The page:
What Isn’t Covered by No-Fault Benefits?
As noted above, no-fault benefits very conspicuously leave out coverage for any non-economic damages. And that is a huge problem if you’re an innocent accident victim dealing with serious injuries caused by a negligent driver.
To truly make an injured person whole after a car crash, you can’t just add up all the past and future medical bills and lost wages and call it good. Your car accident injury may have caused significant physical and emotional pain, permanent changes in your mobility or cognitive function, or permanent changes in the lifestyle you’re able to lead.
No-fault benefits do not address any of these.
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When Can I Sue an At-Fault Driver in Michigan?
To successfully sue an at-fault driver in Michigan, you need to be able to show two things:
The Other Driver Was Primarily Responsible for the Crash
Like other states, Michigan’s definition of negligence has three basic points. In order to be held responsible for a Michigan car accident, you must show that the at-fault driver:
- Owed you a duty of care. This is fairly straightforward—drivers are expected to follow the rules of the road and be considerate of others.
- Breached that duty of care. In other words, the driver took an action that a reasonably careful person would not—speeding, driving distracted, driving under the influence, driving carelessly, etc.
- Caused damages to you. In order words, their actions resulted in you suffering unpaid medical bills, physical pain and suffering, mental anguish, excess wage loss, and other damages.
Additionally, more than one person could be responsible for a crash—for example, one driver was speeding while another rolled a stop sign.
Under Michigan law, you can only recover damages in a lawsuit if your share of the fault is 50% or less. Furthermore, if you are partially at fault, the amount of compensation you can recover will be reduced by the same percentage. (In other words, if you’re 30% responsible, you can only get 70% of your claimed damages.) This is known as “modified comparative fault.”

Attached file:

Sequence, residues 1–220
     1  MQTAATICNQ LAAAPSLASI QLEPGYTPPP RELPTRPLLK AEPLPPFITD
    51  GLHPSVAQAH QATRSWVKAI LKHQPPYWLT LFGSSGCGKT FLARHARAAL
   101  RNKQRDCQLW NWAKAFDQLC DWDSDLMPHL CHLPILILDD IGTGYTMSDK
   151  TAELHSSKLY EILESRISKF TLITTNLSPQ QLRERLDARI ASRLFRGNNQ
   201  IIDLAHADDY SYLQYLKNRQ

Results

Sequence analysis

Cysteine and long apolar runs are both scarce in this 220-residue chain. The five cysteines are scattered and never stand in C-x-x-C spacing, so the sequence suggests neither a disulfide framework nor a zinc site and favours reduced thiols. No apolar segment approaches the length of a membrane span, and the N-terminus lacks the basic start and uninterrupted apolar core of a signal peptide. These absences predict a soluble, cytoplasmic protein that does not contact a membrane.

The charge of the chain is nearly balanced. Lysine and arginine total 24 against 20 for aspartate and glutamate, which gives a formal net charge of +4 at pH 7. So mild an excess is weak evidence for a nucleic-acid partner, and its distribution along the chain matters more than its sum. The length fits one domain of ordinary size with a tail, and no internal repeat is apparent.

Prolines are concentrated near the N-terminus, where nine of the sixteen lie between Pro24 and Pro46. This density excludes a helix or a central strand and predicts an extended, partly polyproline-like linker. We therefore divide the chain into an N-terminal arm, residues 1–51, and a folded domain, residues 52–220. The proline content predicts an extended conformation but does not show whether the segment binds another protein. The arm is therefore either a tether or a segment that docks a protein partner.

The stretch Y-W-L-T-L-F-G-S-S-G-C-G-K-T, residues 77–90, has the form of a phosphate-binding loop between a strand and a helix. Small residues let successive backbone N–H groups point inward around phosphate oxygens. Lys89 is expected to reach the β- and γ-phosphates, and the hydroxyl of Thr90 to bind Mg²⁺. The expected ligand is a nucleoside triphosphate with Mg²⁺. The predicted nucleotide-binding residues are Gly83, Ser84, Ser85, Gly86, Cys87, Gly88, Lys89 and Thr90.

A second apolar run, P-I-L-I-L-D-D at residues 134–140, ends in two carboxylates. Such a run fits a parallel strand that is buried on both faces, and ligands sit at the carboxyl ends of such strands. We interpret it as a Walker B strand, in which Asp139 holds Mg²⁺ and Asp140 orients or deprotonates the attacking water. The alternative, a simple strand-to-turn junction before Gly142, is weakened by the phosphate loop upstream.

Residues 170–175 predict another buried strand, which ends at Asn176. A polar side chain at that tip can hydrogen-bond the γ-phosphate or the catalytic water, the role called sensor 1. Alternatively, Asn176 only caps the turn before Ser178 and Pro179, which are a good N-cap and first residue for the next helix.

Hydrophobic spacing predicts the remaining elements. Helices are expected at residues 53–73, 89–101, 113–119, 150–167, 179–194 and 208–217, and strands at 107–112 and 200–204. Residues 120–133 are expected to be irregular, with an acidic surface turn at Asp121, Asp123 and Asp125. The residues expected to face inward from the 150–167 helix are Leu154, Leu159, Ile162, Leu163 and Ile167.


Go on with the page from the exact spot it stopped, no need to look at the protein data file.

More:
Your Injuries are “Serious Enough” to Bring the Claim
In order to obtain pain and suffering compensation in a Michigan car accident claim, the injury needs to be severe enough to have caused any of the following:
- Permanent serious disfigurement. This would include things like loss of limbs, serious scarring (sometimes a surgical scar), or other external, visible damage to your appearance.
- impairment of body function. Broadly speaking, this means the injury causes an impairment that can be perceived by someone other than the injured person, and the injury impairs your ability to lead your normal life.
- Death. If a loved one passes away in a car accident that wasn’t their fault, family members can bring a wrongful death suit against the at-fault driver (or any other responsible parties).
An injury that meets this standard is commonly known as a “threshold injury.”
You Are Still Within the Statute of Limitations
In Michigan, car accident lawsuits must be filed within three years of the date of the accident. If you wait too long, you will lose your right to sue. (Notably, you only have one year to file a claim or lawsuit for no-fault benefits.)
What Damages Can I Recover in Michigan if I Sue an At-Fault Driver in Michigan?